‘Some love affairs change you forever. Someone comes into your orbit and swivels you on your axis, like the wind working on a rooftop weather vane. And when they leave, as the wind always does, you are different; you have a new direction. And it’s not always north.’
If you’re imagining The Sunday Girl to be just another example of ‘revenge’ lit, think again. This debut novel by Pip Drysdale whose philosophy has always been ‘throw yourself in the fire and then write about it,’ is way more intriguing – and complex – than that.
The Sunday Girl is both a gripping game of cat and mouse, and a story about control, abuse, bad boys, the changing landscape of relationships in a tech savvy world – and the madness of an all-consuming love.
It begins as a slow burn: Taylor Bishop falls madly, deeply for the charismatic investment banker Angus Hollingsworth. He showers her with attention and adulation. The sex is good (of course). He even takes her home to meet the parents. Taylor’s his ‘Sunday girl,’ the only one he wants to snuggle up with on a cosy do-nothing day. All this comes crashing down after an argument when he dumps her, breaking her heart into thousands of small pieces.
Through Facebook, Taylor learns that Angus has taken off on the special skiing holiday they’d been planning to go on together. Even more hurtful, he’s taken his ex. Then weird, complimentary messages from strange men begin to flow in. That’s when Taylor discovers Angus has objectified and humiliated her, posting a revealing, intimate video of her online.
A seething Taylor plots revenge. She will return fire with fire by damaging and humiliating him. Technology is her choice of weapon.
But to the horror of her boss, best friend and her mother who all think she’s making a terrible mistake, Taylor weakens and takes Angus back when he comes knocking at her door, repentant and loving.
As the action ramps up, the author takes the time to flesh out the two main protagonists, with some interesting reveals. It’s giving nothing away to say silver-tongued Angus really is a nasty piece of work. Controlling and abusive, highly manipulative, the son of a wealthy family with the morals of an alley cat, except a cat scrounging for fish bones in the rubbish would be more honourable.
Taylor, a millennial, becomes more likeable as the story progresses but she can be annoying. She’s far from stupid, yet sometimes seems a bit daft and makes some classic mistakes. Angus is one of her biggest but it has to be said, there’s probably not many women who haven’t been burned at some point by a bad boy.
Taylor’s back story is an absent father, implying this influenced her romantic relationships, but you imagine there’s plenty of women from secure, loving families who’ve also fallen madly, deeply for the bad boy type.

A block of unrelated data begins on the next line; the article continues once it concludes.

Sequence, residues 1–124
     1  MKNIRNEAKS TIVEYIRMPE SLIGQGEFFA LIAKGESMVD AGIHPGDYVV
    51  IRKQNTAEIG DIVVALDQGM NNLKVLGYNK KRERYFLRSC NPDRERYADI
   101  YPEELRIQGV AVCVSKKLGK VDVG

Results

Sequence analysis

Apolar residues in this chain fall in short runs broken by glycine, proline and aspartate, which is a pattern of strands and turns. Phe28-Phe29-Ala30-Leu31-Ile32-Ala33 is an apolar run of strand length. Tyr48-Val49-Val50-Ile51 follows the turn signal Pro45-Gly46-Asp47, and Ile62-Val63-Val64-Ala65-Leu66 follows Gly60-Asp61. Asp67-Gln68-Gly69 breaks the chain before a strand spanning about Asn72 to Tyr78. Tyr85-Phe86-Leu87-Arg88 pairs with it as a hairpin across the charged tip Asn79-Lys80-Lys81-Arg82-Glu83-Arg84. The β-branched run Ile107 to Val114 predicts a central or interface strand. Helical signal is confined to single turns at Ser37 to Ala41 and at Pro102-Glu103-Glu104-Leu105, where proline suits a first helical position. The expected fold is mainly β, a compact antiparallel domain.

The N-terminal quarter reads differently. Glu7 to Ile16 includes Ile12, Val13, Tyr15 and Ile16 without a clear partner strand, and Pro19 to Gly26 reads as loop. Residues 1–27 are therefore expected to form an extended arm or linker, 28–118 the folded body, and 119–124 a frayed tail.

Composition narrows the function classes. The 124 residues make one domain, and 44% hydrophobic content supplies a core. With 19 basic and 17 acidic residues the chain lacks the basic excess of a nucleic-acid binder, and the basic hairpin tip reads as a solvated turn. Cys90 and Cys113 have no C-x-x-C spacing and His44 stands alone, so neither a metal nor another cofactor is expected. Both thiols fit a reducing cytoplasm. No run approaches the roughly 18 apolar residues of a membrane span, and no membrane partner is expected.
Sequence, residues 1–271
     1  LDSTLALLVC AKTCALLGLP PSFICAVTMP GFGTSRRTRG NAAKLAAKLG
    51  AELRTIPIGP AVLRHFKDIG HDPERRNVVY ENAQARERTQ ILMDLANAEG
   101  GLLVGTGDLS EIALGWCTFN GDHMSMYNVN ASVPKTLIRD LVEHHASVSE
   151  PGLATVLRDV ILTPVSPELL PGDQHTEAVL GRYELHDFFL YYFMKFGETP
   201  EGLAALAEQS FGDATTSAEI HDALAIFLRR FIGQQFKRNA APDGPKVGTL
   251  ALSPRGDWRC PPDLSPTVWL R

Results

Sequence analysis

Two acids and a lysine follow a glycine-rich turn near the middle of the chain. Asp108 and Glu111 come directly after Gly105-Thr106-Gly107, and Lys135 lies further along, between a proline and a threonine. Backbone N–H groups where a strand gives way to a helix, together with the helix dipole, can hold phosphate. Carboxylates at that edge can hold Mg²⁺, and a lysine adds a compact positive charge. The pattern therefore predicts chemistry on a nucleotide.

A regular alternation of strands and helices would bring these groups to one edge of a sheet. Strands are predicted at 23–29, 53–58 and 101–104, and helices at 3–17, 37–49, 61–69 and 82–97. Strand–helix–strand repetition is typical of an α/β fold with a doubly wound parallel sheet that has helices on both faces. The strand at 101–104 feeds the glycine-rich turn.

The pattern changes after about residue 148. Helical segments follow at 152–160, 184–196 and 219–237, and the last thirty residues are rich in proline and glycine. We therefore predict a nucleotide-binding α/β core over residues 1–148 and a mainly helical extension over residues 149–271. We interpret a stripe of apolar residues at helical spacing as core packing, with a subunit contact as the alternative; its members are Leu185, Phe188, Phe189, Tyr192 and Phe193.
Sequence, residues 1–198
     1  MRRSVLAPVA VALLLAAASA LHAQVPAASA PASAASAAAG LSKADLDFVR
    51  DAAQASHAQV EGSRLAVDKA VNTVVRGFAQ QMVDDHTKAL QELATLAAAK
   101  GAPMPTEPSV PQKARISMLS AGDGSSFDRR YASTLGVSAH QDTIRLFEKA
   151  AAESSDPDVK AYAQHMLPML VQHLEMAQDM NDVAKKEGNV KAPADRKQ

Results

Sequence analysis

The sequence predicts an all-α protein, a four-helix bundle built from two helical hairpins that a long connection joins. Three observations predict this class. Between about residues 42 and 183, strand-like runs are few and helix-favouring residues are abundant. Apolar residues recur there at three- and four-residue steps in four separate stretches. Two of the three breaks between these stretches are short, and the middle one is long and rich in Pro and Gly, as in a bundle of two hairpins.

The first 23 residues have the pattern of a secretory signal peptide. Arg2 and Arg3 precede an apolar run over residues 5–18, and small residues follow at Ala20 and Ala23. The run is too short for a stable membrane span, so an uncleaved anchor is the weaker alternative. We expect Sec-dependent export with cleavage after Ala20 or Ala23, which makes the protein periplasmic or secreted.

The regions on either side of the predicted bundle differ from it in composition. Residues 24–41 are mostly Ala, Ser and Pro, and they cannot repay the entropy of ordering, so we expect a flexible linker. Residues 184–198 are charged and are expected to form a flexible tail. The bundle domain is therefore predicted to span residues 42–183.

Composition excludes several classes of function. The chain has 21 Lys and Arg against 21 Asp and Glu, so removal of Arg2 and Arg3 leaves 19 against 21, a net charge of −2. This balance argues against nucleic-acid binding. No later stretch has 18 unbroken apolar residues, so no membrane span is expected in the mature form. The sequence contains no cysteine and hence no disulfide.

Again, without giving anything away, things get out of control at a point (as they always do with bad boys) and Taylor plots to destroy Angus, using a famous book of military strategy, The Art of War by Sun Tzu, as her guide.
Each chapter begins with a piece of Sun Tzu’s wisdom, casting an interesting light on the story and the idea of revenge. Just when you think Taylor has the upper hand, Angus mounts his own counter-insurgency, and a toe-curling winner-takes all contest develops, with some unexpected twists. The power of technology to entrap becomes crucial in this chess game with Taylor and Angus becoming locked in a huge and vicious battle.
True evil is finally unmasked and it goes one step too far, with profound and tragic results.
Excellently plotted, original, breezily written, The Sunday Girl, is a hugely entertaining read that begins at a canter and builds to a gallop, taking you on a wild ride.
It’s clever, too, tapping into the zeitgeist – technology, contemporary dating rituals, career struggles, friendship, and the theme of revenge all high on the agenda, with revenge in particular never bigger than it is right now from games to TV series.
About The Author
Pip Drysdale is a writer, actor and musician who grew up in Africa and Australia. At 20 she moved to New York to study acting, worked in indie films and off-off Broadway theatre, started writing songs and made four records. After graduating with a BA in English, Pip moved to London where she dated some interesting men and played shows across Europe. The Sunday Girl is her first novel and she is working on a second.